The time when users bought, installed and managed software just as a CD with a licence is a long way behind us. Many applications run in the Cloud, are managed externally and are paid for on a monthly or quarterly basis. This shift was caused by two major trends:
- Companies using software increasingly want to pull back to their core competencies and assign IT development, management and support to a third-party company.
- The desire of software producers to be able to finance larger and more risky investments in IT over a longer period of time.
The modern IT environment of a company consists largely of several platforms, each with their own specific software. In many places there are combinations of complex ERP (enterprise resource planning) and business logic in large data centres. Office automation takes place on PCs and laptops, and smaller applications can be found on mobile devices. Creative forms of financing have been developed for each of these situations, which we will explain briefly here.
The user purchases a licence to use the software. It installs, maintains and manages the software completely independently. The licence type usually determines the price. The licence is often associated with a number of users, and is sometimes also provided with a stated usage period. The user usually has no right to upgrade to a new version of the software.
Sometimes, certain maintenance work is included in the purchase price. Such maintenance could, for example, be a help desk and support for installation or usage errors.
An alternative model to avoid the often large investment risk in the software taken by the provider is software leasing. Some large companies offer their customers the opportunity to spread their IT investments with financial leasing contracts. Installation and management of software and data are performed on-site with the customer. This ensures the control, security and availability of the data.
The best known examples are solutions from Oracle Financing or SAP Financing (in collaboration with Siemens Financial Services).
Software as a Service (SaaS)
SaaS is understood to be software that is offered as an online service. The user need not buy the software, but instead buys a subscription to use the software per user and month. The supplier reserves the right of ownership of the software, providing the installation, maintenance and management. The software can usually be used with a standard Web browser. The user only needs a computer with internet access.
This subscription model offers many advantages for the entrepreneur. The software is ready and running in an optimised and scalable infrastructure. The provider also offers maintenance services such as regular backups and release management. These benefits are very clearly defined in so-called service level agreements (SLAs) that can be agreed in each case with a clear price per month.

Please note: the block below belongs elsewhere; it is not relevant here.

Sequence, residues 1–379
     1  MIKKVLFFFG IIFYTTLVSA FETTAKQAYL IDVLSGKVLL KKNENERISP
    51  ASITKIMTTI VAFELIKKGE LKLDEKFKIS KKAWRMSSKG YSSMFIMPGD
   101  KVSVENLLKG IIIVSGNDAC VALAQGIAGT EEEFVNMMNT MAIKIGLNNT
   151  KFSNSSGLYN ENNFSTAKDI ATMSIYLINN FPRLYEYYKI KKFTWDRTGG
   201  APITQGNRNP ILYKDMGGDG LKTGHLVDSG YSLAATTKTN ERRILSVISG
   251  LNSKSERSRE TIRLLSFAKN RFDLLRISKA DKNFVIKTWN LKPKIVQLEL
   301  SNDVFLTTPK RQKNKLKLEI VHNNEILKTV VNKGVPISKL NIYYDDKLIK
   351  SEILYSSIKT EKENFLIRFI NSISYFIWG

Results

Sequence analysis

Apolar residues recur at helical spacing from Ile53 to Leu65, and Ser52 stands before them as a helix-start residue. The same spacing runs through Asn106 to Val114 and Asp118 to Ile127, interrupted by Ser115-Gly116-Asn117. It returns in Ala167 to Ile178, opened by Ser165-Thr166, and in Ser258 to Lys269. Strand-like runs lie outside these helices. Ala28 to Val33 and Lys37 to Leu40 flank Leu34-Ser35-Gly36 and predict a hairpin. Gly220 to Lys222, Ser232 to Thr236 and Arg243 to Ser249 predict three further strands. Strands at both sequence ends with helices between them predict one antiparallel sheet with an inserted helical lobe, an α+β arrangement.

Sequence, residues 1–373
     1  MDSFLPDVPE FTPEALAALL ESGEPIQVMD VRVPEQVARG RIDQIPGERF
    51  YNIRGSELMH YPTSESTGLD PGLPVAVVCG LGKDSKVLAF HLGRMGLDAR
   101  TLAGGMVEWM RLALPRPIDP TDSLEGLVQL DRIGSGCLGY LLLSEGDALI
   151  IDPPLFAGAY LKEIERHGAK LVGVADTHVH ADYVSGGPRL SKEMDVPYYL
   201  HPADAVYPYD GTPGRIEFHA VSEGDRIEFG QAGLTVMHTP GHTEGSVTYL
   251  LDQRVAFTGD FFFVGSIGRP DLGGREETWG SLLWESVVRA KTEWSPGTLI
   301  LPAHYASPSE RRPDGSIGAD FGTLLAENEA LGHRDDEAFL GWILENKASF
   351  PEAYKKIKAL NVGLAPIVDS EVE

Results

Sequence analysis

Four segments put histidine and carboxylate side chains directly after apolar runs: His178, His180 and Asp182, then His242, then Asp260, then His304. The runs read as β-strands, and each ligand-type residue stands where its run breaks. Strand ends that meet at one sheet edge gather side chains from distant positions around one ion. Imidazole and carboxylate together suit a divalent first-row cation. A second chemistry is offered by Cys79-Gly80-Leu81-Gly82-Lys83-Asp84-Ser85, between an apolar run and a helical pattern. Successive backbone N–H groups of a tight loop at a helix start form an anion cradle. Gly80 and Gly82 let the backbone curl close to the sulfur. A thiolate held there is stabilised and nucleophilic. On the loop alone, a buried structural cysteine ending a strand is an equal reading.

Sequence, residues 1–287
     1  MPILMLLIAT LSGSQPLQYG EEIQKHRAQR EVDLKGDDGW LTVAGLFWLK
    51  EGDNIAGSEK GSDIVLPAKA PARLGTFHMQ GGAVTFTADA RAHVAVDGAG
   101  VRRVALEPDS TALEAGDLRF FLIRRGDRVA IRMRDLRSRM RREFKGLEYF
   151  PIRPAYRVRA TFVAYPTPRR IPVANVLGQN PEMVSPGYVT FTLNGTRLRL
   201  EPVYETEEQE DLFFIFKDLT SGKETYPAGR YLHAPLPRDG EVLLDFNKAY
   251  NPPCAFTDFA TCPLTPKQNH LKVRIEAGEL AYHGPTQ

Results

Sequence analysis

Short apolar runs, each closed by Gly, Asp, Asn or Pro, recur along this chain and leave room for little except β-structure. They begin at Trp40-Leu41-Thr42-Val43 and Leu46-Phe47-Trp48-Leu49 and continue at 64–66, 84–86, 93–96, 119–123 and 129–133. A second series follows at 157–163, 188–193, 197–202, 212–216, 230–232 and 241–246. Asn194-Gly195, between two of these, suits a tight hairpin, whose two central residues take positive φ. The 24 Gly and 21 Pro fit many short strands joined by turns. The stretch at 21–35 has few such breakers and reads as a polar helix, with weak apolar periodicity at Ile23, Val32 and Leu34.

Of course there are also disadvantages to the SaaS model. For example, you always need a stable Internet connection, which any business has, but do not forget the staff working on the road or at home. In addition, the company often assigns the data management to the SaaS provider. Thus, the company has less control over the security and availability of data. It is very important to reach a suitable agreement with the provider regarding this. What do you do if the provider goes bankrupt, for example?
The provider who introduced SaaS in the professional field is customer relationship management (CRM) software developer salesforce.com. The company had the idea to offer software over the Internet as early as 1999. Thirteen years later, salesforce.com has grown into an international provider of Cloud computing solutions with over 2 million users.
In the meantime, there are now many examples which are well suited for small and medium-sized enterprises in other areas. For project management, there is Basecamp HQ. Microsoft, previously a constant example of traditional licensing, provides office and ERP software via SaaS. And Oracle and SAP, in search of new software subscription models, now offer the option to purchase ERP and business intelligence solutions via SaaS.
With the advent of mobile applications and "apps" on smartphones, new subscription models are constantly being developed. The Freemium model is primarily known for smartphone apps. Here, the basic application is freely available. An extra payment is required for advanced features. Sometimes, more complex versions of the app are also available for a fee. A variation on this concept is in-app sales, where the app itself is freely available but an upgrade must be purchased for specific functions or enhanced features.
With a freely available basic application, the provider hopes that many users try the product and then later purchase add-ons at an extra cost. Mobile apps are the best known example, but business software now often has a free “light” version, which can be expanded for a small (or larger) fee.
Examples in the smartphone sector are well-known games like Angry Birds and Flight Control. In the PC sector, we know the photo-sharing service Flickr, and the web service Dropbox for synchronising files. The popular social media platform LinkedIn offers recruiters extensive additional functions for a fee.